Analysis by Willis Owen reveals actively-managed funds significantly outperform passives
Posted by Adrian Lowcock in Press releases category on 21 Mar 19
- Analysis shows only two index funds rank in top 50 performers over three and five years
Actively-managed funds dominate virtually all the best-performing UK retail OEIC and unit trust funds over the last three and five years, according to new analysis1 by Willis Owen, the online investment platform.
shows that passive funds account for just two of the top 50 performers over both three and five years. Over three years, the Scottish Widows Fundamental Index Emerging Markets Equity Fund ranked 23rd and the L&G Global Technology Index Trust ranked 26th with returns of 78.24% and 72.01% respectively, under-performing the overall average return of 78.67%.
Over five years, the L&G Global Technology Index Trust ranked 11th and the Vanguard US Opportunities Fund ranked 20th with returns of 134.03% and 123.50% respectively, comparing more favourably with the overall average return of 119.39%. However, the top 10 actively managed funds delivered significantly superior average performances of 100.00% and 143.89% over three and five years.
Adrian Lowcock, Head of Personal Investing, Willis Owen, commented:
“Passives do have their place in portfolios but investors are generally better off in good active funds. Passives will buy the good, the bad and the ugly companies, whereas active managers can identify opportunities that are missed and undervalued by the market and which can deliver strategies that match investors’ objectives more closely. Ultimately though, it is up to investors to decide which funds – passive or active - suit them.
The Best-Performing Funds over Three and Five Years
|Three years, including performance1
||Five years, including performance1
|BNY Mellon Brazil Equity (138.68%)
||Fidelity Global Technology (161.74%)
|HSBC GIF Brazil Equity (114.03%)
||Polar Capital Biotechnology (153.73%)
|Pictet Russian Equities (99.04%)
||Polar Capital Global Technology (151.41%)
|JPM Brazil Equity (97.48%)
||AXA Framlington Global Technology (145.71%)
|BlackRock GF World Mining (95.67%)
||GS India Equity Portfolio (142.43%)
|Polar Capital Global Technology (94.51%)
||Stewart Investors Indian Subcontinent (140.71%)
|Neptune Russia & Greater Russia (93.15%)
||Baillie Gifford American (138.09%)
|HSBC GIF Russia Equity (91.36%)
||Morgan Stanley Global Opportunities (135.88%)
|HSBC GIF BRIC Markets Equity (88.39%)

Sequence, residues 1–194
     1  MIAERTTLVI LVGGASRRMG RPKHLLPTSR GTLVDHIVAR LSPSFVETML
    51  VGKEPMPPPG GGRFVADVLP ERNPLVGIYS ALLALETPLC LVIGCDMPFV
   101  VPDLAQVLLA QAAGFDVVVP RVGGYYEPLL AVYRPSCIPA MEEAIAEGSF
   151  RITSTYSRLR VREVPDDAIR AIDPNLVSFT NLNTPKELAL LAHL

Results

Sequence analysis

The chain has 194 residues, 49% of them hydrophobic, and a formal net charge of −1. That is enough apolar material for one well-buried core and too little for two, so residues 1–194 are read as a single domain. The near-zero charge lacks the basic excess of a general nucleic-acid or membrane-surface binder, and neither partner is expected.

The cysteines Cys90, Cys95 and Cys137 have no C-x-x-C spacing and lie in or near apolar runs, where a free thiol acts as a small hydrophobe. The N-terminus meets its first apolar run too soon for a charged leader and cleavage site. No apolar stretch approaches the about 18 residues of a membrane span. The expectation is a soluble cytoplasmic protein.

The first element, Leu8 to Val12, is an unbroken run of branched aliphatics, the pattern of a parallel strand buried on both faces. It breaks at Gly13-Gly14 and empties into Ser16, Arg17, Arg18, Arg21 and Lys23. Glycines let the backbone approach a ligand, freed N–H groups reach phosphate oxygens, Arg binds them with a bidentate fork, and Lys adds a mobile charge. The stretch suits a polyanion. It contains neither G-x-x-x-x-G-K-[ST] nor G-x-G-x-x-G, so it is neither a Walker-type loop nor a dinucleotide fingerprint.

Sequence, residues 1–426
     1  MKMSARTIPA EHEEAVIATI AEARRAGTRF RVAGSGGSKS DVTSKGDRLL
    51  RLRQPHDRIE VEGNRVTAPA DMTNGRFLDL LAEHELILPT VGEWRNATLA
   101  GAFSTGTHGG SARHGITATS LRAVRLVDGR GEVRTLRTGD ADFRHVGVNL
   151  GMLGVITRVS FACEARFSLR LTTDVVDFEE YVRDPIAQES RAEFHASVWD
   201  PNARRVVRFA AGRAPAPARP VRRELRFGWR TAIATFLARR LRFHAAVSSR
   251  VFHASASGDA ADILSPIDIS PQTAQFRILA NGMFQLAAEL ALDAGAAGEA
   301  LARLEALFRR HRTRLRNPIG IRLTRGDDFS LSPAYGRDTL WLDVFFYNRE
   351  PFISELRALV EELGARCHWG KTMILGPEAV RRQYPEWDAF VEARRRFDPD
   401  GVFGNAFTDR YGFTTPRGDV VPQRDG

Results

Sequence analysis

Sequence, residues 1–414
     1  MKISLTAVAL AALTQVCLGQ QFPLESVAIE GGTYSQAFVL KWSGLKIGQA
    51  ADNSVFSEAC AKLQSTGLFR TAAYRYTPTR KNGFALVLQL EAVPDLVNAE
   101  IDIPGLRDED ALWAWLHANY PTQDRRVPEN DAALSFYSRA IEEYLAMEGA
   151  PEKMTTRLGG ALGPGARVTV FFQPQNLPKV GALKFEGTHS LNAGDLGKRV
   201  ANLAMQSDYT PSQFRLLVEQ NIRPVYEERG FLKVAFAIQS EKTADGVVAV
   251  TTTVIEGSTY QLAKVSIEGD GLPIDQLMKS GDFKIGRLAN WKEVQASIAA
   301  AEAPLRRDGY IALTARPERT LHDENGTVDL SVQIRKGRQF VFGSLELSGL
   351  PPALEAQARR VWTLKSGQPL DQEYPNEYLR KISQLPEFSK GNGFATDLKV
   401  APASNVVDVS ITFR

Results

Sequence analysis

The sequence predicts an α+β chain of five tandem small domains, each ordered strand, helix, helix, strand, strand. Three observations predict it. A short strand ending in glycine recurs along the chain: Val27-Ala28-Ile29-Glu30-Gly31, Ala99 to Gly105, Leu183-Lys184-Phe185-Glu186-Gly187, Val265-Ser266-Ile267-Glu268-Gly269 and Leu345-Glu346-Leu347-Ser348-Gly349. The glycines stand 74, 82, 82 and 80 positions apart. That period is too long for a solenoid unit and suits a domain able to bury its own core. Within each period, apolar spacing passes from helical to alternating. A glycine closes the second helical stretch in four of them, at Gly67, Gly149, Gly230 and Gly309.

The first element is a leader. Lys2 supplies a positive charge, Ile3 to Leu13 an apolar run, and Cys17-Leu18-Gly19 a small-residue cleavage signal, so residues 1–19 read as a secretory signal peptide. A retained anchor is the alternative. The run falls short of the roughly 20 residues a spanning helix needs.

||Legg Mason IF Japan Equity (135.16%)
|Neptune Global Technology (87.64%)
||Matthews India (134.03%)
also shows that over three years, the top 10 performers are dominated by funds investing in Brazil, Russia, commodities, technology and emerging markets (see above table). Over five years, the top 10 funds invested in technology, India, global equities and Japan.
Adrian Lowcock added:
“The top-performing funds were invested in high-growth or recovery parts of the market, whereas passives will give exposure to the whole market.
“Generally, passives will perform in the latter stages of bull runs when active managers are struggling because the managers are more wary and are selling stocks they regard as over-priced. Passives are also useful if you wish to buy burned out markets and want exposure to the rebound quickly and cheaply.
“Passives compare badly when markets are rotating between styles, for example growth to value, because the market on the whole doesn’t move as much whilst the prices of individual companies could change significantly. Active managers are also better at picking small caps that are under-researched and equity income stocks because they can avoid dividend traps.
“Identifying the winning stock-pickers is also difficult, of course. To do this, investors should look for managers who have proven their abilities to add value and who have strong robust investment philosophies and repeatable processes. Helping investors identify such fund managers is a key part of the Willis Owen proposition.”
FE Trustnet. Based on analysis of 3,401 UK retail funds. Performance measured on total return, net income re-invested over three and five years to 31/12/2018